Millionaire Hillary Clinton and billionaire Warren Buffet met in Omaha earlier this month to trumpet higher income tax rates on upper income earners. Ignoring the data, the two super-rich, joined by income laggards Dallas Maverick owner Mark Cuban and former New York Mayor Michael Bloomberg, argue that levying higher tax burdens on workers in the top income bracket will reduce income inequality.
However between 1980 and 2013 when income inequality, as measured by the Gini Coefficient expanded by 22.2%, the share of federal income taxes paid by the highest one-fifth of earners rose from 64.7% to 88.0% while the share paid by the lowest one-fifth declined from +0.1% to -4.0% (i.e. tax rebates greater than tax payments). Even the middle income’s share dropped from 10.7% to 3.9% over the 33 years.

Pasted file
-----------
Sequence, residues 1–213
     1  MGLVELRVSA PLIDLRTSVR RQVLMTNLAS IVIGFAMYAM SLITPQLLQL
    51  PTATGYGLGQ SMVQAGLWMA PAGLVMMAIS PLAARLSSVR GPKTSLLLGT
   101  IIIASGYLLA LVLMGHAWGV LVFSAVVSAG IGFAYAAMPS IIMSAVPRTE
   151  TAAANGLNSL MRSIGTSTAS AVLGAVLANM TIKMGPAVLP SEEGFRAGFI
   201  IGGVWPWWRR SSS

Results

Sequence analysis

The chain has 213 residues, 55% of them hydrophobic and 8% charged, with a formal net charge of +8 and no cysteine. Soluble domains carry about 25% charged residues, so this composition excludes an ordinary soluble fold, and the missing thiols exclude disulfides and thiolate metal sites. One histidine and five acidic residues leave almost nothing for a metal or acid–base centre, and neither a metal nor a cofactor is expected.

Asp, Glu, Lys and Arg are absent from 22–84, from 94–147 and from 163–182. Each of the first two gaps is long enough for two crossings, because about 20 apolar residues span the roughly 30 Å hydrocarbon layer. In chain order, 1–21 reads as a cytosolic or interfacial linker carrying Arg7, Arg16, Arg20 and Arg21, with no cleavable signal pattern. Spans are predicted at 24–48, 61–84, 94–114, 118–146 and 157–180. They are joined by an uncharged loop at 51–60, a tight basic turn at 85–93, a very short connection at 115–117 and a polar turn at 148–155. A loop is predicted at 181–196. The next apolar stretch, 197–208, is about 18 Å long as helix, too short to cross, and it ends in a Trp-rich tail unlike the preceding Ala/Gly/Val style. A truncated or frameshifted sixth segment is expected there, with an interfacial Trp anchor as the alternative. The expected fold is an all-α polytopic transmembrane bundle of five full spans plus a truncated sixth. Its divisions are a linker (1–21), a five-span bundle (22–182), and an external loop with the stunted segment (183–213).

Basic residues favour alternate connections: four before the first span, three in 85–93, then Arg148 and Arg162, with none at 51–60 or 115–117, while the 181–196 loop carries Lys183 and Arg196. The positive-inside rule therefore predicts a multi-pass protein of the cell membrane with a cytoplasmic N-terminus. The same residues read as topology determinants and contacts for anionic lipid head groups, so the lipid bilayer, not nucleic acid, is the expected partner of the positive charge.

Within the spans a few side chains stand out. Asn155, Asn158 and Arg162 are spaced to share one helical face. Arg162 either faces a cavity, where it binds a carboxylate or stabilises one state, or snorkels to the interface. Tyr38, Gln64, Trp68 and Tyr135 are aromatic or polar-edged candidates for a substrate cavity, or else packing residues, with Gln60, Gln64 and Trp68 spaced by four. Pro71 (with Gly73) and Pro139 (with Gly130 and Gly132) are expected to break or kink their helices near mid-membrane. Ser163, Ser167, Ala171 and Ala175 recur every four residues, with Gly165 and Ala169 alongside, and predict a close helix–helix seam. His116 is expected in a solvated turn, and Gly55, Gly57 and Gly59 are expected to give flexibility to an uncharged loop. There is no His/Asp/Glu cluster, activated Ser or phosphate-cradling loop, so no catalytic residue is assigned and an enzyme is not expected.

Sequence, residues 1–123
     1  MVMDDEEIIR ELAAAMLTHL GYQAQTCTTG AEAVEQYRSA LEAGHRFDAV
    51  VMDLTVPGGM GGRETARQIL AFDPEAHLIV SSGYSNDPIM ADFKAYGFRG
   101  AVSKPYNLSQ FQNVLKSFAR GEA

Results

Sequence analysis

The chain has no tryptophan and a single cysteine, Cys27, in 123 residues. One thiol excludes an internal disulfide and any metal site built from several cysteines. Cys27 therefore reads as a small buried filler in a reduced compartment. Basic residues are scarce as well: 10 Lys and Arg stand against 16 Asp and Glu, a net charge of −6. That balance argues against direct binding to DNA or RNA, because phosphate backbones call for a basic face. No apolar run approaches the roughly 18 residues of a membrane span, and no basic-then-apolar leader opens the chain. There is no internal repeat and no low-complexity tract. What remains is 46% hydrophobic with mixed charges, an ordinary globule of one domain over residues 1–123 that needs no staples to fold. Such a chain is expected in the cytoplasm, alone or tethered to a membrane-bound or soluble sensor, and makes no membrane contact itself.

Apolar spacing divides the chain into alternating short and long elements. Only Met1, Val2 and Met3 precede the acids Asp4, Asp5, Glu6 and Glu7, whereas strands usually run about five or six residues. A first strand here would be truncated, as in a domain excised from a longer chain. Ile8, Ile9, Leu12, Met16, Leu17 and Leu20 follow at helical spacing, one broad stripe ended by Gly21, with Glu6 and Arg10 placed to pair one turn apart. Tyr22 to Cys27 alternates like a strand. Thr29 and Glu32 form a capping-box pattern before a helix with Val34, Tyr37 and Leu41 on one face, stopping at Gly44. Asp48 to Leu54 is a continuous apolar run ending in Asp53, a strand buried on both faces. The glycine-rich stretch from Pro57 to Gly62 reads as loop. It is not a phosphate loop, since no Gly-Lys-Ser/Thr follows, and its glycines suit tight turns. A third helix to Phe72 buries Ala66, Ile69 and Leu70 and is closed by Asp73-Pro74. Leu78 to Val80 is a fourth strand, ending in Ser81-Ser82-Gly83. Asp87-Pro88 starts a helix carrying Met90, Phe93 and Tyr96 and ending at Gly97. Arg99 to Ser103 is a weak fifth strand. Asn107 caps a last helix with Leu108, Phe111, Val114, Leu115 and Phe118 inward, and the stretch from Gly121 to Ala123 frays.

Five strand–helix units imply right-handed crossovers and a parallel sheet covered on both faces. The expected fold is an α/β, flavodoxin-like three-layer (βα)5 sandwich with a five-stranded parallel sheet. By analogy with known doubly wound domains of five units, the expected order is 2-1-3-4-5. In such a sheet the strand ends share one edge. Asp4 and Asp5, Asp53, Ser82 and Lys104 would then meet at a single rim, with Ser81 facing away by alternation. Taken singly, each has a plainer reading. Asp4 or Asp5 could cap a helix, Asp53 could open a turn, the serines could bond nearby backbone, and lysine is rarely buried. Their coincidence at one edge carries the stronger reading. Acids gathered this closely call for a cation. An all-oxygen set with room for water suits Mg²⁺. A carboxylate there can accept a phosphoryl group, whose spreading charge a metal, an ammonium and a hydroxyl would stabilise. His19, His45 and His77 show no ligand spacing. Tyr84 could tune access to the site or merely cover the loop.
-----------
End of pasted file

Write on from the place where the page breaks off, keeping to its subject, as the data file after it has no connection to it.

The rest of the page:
The reasons that taxing high income individuals more heavily does not reduce income inequality are that excessively high tax rates on high income:
1) discourage individuals from pursing higher education and training to increase income;
2) encourage individuals to reduce work efforts and to increase leisure activity;
3) restrain small business formation and risk taking by entrepreneurs seeking greater financial returns;
4) incentivize individuals to spend excessively on goods and services that are deductible from taxes and;
5) encourage high income individuals to move to lower tax nations.
But unfortunately for the economy, envy economics, as evidenced in Omaha in August, remains a viable political tool by generating votes and self-righteous smugness from its devotees.